womens-shoesThe right footwear plays a major role in foot health. Here are some simple rules when selecting shoes.

Avoid pointed and/or high-heeled shoes if you frequently stand for long periods of time. Think comfort over style. Choose shoes that provide good arch support. Avoid thick, stiff shoes that restrict foot flexibility. “Pain from corns, calluses and bunions can be somewhat alleviated by wearing supportive, more comfortable footwear. Non-supportive shoes, or ones that are too tight, are typical culprits,” points out personal fitness trainer Kyla Jenkins.

Make sure your shoes fit properly and have enough room in the toe box. “If you’re experiencing pain, wear softer, wider shoes until the pain disappears, then switch to a new pair with a larger toe box,” suggests podiatrist Angela Borish.

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Trim your toenails regularly. You’ll not only reduce trauma and create extra room in your shoes, you’ll also reduce the risk of nail breakage, which can provide a port of entry for a fungus like athlete’s foot, or viruses such as warts. Always wear high quality, moisture absorbent socks. Keep feet cool and dry. Invest in a foot powder and foot lotion from a reputable brand.

According to Chicago-based personal fitness trainer Kyla Jenkins, there are several things spa pros can do to alleviate some of these debilitating conditions in the short term. These might include limiting the number of treatments performed back to back, and taking short breaks to rest the feet. “Massaging your feet and stretching them, then pulling your toes up toward you for a few seconds after a workout or during your break at work can help,” she says. Of course, if symptoms—particularly pain—persist, the individual should see a doctor to rule out something more serious.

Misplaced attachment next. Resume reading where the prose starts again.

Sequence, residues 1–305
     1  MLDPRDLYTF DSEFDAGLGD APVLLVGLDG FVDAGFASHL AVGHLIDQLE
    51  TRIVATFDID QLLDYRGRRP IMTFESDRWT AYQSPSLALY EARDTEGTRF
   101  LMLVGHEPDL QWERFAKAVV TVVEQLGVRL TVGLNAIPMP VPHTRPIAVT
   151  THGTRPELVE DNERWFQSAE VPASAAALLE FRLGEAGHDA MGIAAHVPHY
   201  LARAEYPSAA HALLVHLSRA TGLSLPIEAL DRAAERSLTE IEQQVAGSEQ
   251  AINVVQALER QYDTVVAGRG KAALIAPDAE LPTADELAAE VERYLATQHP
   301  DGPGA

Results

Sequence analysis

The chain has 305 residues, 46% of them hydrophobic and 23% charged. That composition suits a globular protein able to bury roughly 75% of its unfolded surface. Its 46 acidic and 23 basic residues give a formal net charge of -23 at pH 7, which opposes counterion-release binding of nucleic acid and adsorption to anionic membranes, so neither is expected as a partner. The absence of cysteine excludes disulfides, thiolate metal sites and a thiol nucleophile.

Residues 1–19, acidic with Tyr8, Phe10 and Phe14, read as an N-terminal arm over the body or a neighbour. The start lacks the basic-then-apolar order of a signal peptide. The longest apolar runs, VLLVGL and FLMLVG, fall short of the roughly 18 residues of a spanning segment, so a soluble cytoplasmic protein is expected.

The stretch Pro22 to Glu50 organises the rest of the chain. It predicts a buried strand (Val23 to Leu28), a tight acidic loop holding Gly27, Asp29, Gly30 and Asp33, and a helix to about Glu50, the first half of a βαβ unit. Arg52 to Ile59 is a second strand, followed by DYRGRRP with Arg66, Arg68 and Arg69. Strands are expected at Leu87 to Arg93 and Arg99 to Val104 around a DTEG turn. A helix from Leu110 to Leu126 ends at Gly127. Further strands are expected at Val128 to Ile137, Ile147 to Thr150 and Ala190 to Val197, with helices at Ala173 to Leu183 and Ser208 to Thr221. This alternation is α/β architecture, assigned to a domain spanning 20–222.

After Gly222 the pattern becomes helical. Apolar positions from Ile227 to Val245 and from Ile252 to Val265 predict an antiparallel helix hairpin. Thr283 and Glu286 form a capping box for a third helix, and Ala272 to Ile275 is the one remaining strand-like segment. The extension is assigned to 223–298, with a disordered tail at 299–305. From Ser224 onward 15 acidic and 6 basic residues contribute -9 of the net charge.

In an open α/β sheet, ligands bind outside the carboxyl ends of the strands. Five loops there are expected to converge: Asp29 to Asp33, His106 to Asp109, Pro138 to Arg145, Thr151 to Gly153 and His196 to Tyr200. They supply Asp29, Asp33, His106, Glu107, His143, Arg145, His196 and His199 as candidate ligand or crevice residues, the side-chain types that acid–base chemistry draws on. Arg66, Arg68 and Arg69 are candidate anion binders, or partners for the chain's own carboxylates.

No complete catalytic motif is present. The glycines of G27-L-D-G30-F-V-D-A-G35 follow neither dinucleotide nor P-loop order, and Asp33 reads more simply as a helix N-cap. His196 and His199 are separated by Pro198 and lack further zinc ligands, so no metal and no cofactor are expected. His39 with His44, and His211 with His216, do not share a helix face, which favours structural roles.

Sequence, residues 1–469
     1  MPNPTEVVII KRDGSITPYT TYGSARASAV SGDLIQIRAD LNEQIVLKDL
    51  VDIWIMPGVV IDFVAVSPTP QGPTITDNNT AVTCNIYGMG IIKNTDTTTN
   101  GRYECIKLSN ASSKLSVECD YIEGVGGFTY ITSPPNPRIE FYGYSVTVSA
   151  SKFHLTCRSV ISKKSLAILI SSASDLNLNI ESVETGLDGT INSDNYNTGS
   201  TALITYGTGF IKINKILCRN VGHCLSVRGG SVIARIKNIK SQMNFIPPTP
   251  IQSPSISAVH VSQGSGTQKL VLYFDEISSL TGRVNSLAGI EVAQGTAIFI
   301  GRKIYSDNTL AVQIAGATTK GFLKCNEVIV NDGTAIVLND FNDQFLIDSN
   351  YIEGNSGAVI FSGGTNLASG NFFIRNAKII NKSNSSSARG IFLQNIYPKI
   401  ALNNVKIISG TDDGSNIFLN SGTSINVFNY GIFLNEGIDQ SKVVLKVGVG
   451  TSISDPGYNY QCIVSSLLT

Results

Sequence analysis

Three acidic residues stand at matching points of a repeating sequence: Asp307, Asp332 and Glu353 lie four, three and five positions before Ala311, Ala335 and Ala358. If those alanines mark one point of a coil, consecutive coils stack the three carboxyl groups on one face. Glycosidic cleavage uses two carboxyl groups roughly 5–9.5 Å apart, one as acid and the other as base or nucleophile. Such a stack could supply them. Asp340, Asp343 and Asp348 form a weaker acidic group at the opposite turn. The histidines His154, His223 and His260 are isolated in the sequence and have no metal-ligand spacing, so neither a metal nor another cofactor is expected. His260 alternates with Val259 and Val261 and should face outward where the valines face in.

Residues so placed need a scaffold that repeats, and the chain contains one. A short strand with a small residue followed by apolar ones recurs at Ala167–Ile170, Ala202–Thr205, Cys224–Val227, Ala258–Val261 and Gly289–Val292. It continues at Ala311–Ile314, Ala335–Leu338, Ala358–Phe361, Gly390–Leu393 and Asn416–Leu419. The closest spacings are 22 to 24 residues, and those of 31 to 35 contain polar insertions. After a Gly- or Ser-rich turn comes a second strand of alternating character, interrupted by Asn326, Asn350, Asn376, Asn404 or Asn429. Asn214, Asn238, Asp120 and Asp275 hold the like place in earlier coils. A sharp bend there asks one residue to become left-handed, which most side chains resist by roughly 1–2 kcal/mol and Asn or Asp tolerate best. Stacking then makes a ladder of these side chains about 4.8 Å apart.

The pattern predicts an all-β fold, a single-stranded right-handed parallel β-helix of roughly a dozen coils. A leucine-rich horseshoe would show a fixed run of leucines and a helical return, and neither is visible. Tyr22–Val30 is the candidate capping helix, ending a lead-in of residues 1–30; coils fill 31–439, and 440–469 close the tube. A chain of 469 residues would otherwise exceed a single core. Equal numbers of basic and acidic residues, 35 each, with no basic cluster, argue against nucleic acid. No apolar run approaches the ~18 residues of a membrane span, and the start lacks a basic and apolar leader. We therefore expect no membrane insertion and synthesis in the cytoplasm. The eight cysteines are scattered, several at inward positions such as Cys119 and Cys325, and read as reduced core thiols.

Hands-On Foot Solutions

Borish and Jenkins both off er plenty of advice for maintaining healthy feet over the long term. These include staying off your feet as much as possible when not working. Relax your feet as often as you can, perhaps by massaging them yourself or booking a reflexology session, which also boosts circulation. Jenkins suggests rolling a tennis ball or specially made wooden roller back and forth between the balls of the feet and heels, which can be done when seated or standing. In addition, applying ice packs and/or elevating the feet may ease temporary swelling or discomfort.

Borish says a straight forward goal would be to massage the feet at the start and end of each day to improve circulation and relax the muscles. Another tip: Place a towel on the floor then scrunch it and pull it in with your toes to help strengthen them. “Doing this for just a few minutes several times a week when you’re watching television can go a long way toward stopping foot pain,” adds the podiatrist.

Spa pros should also walk barefoot, both at home and, if possible, in the workplace. “Going without shoes on soft surfaces for just a few minutes a day can strengthen your feet and help the bones naturally realign,” says Jenkins. Always be aware of your posture and try to keep your weight over your ankles. Don’t lean too far forward or backward, as this can put a strain on the feet. Also maintain a wide stance while standing to improve stability.

–by Kevin Harmon